Should Project Managers Share Their Stress?

HBR published a interesting article about how Project Managers should share their information and brig all news – and stress, maybe – to their project teams. An excerpt:

Project managers tend to hold their cards pretty close to the vest. Sure, they may post or circulate some sort of general progress chart. But the telling, nitty-gritty details — percent complete, cost overruns, and so on — usually stay on a private little spreadsheet, safely tucked away in the PM’s files.

Sometimes this I’m-in-control-here approach is well intentioned. PMs feel they should shield their team members from potential bad news. Other times it’s a power trip. PMs make it plain that they’re the only ones who know the full story, so naturally they get to call the shots.

I agree with the authors: an open-book and transparent system are always a better way to deal with complex projects and great problems. Project management is never a wonderland and those who work in this area should be prepared to deal with the consequences. You can read the full article here!

The Best of March 2013

Here you find a resume of the best March’s posts:

  1. Lewis Hamilton: How Keeping it Simple Makes Me Faster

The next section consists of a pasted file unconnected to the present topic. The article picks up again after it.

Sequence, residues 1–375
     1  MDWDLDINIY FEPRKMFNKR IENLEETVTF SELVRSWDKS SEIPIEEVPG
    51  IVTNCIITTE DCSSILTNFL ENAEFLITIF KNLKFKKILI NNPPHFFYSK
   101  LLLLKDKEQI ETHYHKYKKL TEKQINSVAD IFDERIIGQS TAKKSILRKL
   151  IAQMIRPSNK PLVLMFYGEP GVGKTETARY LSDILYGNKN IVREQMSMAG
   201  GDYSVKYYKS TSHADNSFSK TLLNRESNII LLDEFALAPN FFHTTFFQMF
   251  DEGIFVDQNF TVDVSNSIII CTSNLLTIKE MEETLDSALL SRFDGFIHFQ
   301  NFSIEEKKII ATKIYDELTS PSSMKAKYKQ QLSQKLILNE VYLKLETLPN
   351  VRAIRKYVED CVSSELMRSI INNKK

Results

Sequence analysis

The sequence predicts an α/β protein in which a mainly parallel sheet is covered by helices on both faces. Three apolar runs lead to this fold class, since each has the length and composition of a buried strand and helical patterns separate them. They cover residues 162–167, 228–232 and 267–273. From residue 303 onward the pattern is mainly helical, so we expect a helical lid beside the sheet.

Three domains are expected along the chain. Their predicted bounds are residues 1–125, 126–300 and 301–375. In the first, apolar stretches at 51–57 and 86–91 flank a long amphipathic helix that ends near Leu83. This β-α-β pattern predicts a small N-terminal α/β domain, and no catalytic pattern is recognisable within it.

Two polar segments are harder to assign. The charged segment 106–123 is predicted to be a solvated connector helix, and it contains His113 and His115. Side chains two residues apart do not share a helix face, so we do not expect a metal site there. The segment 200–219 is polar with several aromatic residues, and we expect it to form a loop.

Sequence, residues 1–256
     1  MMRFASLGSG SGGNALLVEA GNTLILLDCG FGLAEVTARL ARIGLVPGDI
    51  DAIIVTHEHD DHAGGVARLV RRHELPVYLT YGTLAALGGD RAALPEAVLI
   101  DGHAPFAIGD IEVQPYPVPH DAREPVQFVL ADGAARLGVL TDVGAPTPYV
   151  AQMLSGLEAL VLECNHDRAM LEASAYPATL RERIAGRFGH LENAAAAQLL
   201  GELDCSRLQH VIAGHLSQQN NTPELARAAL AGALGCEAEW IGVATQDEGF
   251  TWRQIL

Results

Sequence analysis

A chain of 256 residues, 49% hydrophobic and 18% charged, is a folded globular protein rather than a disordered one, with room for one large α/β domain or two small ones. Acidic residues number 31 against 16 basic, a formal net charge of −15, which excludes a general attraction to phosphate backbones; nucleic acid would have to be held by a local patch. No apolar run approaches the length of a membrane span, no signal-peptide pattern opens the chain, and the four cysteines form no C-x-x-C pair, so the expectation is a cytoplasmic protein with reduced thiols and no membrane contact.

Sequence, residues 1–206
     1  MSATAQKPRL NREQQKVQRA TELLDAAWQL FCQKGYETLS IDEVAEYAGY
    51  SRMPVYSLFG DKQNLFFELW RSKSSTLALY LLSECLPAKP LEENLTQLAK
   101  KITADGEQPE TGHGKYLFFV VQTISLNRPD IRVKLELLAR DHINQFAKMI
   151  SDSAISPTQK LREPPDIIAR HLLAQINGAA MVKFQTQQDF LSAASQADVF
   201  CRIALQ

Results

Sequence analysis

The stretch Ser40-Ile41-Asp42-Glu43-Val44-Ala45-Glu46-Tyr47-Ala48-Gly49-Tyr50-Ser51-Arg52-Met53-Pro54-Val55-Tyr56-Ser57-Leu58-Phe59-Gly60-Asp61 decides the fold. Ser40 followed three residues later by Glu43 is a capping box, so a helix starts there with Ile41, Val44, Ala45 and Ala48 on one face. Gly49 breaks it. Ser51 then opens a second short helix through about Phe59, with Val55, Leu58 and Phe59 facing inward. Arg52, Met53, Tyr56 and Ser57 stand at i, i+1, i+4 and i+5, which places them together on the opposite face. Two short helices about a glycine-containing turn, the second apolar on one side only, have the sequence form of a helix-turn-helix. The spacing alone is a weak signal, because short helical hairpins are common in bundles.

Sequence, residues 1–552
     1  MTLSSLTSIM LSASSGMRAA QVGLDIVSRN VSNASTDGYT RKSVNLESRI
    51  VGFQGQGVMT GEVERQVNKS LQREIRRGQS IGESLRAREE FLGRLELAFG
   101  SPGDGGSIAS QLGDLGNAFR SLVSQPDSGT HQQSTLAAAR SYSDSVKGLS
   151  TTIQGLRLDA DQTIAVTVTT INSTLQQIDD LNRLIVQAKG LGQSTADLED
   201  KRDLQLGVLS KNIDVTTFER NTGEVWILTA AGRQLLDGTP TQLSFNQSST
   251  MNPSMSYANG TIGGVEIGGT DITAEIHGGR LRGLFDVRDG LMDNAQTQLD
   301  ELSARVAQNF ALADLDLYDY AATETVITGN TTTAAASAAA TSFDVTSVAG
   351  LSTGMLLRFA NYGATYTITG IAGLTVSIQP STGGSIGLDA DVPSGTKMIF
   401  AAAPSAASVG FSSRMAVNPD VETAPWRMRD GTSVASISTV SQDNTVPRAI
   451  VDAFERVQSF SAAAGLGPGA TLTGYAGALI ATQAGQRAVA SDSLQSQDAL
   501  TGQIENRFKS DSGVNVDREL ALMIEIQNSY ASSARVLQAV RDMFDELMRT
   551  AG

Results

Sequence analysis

2. The Ultimate Star Wars Video
  3. Mastering the Basics of Project Management: The Complete Series [Updated on March 25th, 2013]
  4. Eight Steps To Building a Risk Informed Integrated Master Schedule
  5. Nicholas Bate Wondering About Time
  6. UK: Project Management Skills in a Secondary School Classroom
  7. 51 Ways to Fail
  8. About Simplicity, Courage and (why not?) Project Management
  9. Jagged Thoughts for Jagged Times
  10. How to Be a Better Project Manager (1)
  11. Trouble Multitasking? Try Playing First Person Shooters
  12. Project Manager on the Road: Tips to Travel Like a Pro
  13. Immersion 101
  14. You Know What You Need to Do!
  15. Are You Prepared to Face These 12 Traits of a Modern Leader?
  16. Three Essential Leadership Behaviors for Project Managers
  17. Did You Already Schedule your ‘Monastery Day’?

First Paragraph

“In many organizations, the person leading a project doesn’t have the job title project manager. That’s OK. Everyone manages projects in their daily work, whether they are working alone or leading a team. For the moment, these distinctions are not important. My intent is to capture what makes projects successful, and how the people who lead successful projects do it. These strategies don’t require specific hierarchies, job titles, or methods. So, if you work on a project and have at least some responsibility for its outcome, what follows will apply to you. And should your business card happen to say project manager on it, all the better”.

Scott Berkun in ‘Making things happen’